Perhaps one of Cornwall’s most famous tourist attractions, the Eden Project is an educational charity and social project promoting sustainability. Once a working china clay pit, it was the brainchild of Tim Smit who also restored the Lost Gardens of Heligan. Today its an ode to a world of nature, literally, with a Rainforest Biome, Mediterranean Biome, outdoor gardens, England’s longest zip wire, sculptures, kids’ attractions, cafes and restaurants. They also host seasonal events and exhibitions, making it a wonderful experience for family and friends. Prices start at £22.50 for adults booking in advance.
As the oldest pub in Fowey, The Ship Inn has been a focal point for visitors and locals alike for more than four centuries. The menu makes full use of the fresh seafood and superb produce from nearby farms. This is all washed down with Cornish ales, a fine wine selection or real coffee.
The Ship Inn, Trafalgar Square, Fowey PL23 1AZ (T: 01726 832230)
In the heart of Polruan, Back Beach is not short of facilities and nearby shops and restaurants. A pretty little beach that’s popular with families, it has beautiful views across the river to Fowey and is a lovely place to watch the world go by with all the boats pottering along in front of you. It’s predominantly a sand beach, leading to a sheltered section of the river, so it’s good for swimming, but there aren’t any lifeguards around. The only complication for access is that it’s very difficult to park in the village, and it’s a considerable walk down the steep hill from the car park at St Saviours, or a ferry ride across the river from Fowey. Therefore, it’s best to combine a visit with a day exploring the village itself to make the most of it.
Between Polruan and Polperro along the coastal path, Lantivet Bay is only accessible at low tide when a sand and pebble beach is revealed. Parking is in the National Trust car park at Polruan, where there are toilets as well, but there aren’t any facilities closer to the beach itself. Dogs are allowed all year round, which is lovely as it’s the perfect beach to incorporate into a walk. The National Trust recommends a charming circular route, starting in the car park and taking in 2.4 miles of beautiful bays and surrounding landscape, and giving you the chance to explore the area with its rich smuggling heritage.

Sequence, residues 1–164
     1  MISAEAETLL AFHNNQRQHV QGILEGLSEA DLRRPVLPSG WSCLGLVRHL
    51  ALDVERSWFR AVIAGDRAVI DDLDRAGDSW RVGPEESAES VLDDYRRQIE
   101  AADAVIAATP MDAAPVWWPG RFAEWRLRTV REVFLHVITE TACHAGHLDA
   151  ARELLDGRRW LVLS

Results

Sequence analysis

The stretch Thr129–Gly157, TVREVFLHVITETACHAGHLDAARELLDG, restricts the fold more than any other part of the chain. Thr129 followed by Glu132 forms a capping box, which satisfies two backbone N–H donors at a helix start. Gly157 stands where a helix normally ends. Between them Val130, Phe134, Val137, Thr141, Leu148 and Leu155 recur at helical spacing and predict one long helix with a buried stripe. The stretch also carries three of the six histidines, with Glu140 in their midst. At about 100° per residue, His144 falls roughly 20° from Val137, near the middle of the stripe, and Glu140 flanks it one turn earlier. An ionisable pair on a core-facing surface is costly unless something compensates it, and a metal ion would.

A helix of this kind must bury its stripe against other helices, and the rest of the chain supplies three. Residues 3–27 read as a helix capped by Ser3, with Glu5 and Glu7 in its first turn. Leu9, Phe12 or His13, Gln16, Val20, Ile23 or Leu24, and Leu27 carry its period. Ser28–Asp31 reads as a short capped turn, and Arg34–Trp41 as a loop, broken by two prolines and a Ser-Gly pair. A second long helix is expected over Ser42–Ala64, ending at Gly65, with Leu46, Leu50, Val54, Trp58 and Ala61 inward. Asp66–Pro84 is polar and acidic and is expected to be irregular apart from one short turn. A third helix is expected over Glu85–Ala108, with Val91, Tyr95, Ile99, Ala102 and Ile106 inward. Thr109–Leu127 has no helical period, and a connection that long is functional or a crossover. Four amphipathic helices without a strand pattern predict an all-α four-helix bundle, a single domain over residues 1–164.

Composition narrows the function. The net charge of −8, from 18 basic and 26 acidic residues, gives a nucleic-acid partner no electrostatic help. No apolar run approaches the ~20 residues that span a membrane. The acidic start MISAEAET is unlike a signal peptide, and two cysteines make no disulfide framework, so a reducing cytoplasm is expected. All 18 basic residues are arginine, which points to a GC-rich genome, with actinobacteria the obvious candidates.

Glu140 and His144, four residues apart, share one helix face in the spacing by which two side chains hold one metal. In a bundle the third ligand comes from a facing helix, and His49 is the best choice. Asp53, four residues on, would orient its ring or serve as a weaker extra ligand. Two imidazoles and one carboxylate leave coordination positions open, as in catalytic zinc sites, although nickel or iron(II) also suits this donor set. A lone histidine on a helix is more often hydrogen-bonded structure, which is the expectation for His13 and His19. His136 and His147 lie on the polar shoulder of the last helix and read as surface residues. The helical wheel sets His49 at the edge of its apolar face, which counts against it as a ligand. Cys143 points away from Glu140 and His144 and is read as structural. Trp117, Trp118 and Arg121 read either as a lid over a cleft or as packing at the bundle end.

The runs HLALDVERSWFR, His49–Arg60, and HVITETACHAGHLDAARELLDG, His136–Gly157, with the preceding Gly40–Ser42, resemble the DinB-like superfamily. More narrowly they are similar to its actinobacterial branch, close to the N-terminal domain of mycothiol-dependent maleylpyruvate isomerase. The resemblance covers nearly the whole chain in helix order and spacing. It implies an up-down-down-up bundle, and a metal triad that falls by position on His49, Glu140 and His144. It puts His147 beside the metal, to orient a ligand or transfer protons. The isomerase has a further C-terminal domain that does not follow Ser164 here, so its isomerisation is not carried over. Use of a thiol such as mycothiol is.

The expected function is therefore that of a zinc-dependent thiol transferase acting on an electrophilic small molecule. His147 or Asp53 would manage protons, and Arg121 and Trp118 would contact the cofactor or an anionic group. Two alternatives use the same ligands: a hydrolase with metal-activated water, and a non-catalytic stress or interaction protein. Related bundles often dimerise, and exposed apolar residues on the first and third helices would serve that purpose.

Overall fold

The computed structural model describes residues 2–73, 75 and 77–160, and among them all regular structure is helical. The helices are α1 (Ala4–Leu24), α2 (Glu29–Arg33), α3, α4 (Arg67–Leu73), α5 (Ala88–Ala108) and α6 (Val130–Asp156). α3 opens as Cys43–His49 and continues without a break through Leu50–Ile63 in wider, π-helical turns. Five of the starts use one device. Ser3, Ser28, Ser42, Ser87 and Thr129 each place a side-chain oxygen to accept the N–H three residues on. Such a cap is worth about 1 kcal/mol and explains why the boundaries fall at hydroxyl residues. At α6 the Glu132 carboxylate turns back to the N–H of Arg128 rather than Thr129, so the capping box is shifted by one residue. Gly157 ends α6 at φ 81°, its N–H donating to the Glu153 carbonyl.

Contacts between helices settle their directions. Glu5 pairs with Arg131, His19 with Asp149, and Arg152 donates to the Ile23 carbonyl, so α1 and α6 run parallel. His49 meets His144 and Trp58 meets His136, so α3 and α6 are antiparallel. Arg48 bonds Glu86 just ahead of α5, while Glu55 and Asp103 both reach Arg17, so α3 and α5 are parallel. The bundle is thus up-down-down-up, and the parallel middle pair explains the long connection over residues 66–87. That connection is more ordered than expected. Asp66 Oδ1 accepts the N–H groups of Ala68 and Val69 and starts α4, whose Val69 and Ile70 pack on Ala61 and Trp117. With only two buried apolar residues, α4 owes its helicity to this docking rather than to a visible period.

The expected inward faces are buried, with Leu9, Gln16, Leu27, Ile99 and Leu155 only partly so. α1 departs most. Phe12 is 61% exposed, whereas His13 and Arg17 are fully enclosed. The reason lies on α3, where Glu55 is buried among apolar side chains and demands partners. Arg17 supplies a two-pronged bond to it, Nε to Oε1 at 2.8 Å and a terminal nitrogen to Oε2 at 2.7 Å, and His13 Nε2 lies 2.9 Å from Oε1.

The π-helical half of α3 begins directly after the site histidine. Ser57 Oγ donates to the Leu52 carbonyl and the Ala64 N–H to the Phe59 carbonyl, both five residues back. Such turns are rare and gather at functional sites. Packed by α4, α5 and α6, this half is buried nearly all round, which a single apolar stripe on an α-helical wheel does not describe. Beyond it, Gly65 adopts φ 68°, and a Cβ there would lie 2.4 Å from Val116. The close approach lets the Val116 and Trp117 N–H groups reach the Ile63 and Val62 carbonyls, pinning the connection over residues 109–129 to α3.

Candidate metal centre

In South East Cornwall, Polperro is widely thought to be one of the area’s most picturesque fishing villages. Brimming with whitewashed cottages all the way down the harbour, the beach sits in a sheltered position under the cliffs, only visible at low tide and close to the harbour. Unsurprisingly, it’s a popular destination and can get busy in the summer months. Dogs are not permitted at the beach during peak season, from Easter to October, and while parking in the village itself is all but impossible, but there’s a large car park about a mile up the valley with a regular shuttle service going up and down the hill.
A small, quiet beach between Looe and Polperro, Talland Bay actually comprises two beaches, one of which has sand both at low and high tide and is good for swimming all the time, while the other is less sandy and is easiest to swim from at high tide. There is a ramp for launching boats from the main beach and there are lots of small coves and tidal pools to swim in as well, so it’s a delightful area to explore in the water. Parking is limited, but there is a small, free car park by the beach and paid parking at The Beach Café, all of which provide easy access to the sand. Thanks to the nearby café, visitors can also benefit from the accompanying facilities, on-site shop, and tuck into Roskillys Cornish Ice-Cream as well.
In East Looe, the beach sits directly in front of the old town, sheltered by the Banjo Pier and overlooked from the east by the hillside of Mount Ararat. A good family beach that has something for everyone, at low tide the sandy location is safe for swimming although it’s recommended you steer clear of the river mouth beyond the pier. The beach backs on to a seafront walkway which runs its length all the way to Second Beach to the east, where it tends to be less busy and it’s good for snorkeling. As it’s in the centre of the town there are lots of facilities and cafes nearby, but in the summer it’s a very popular spot and parking can be tricky, with traffic prohibited during these months, so be prepared for a bit of a walk.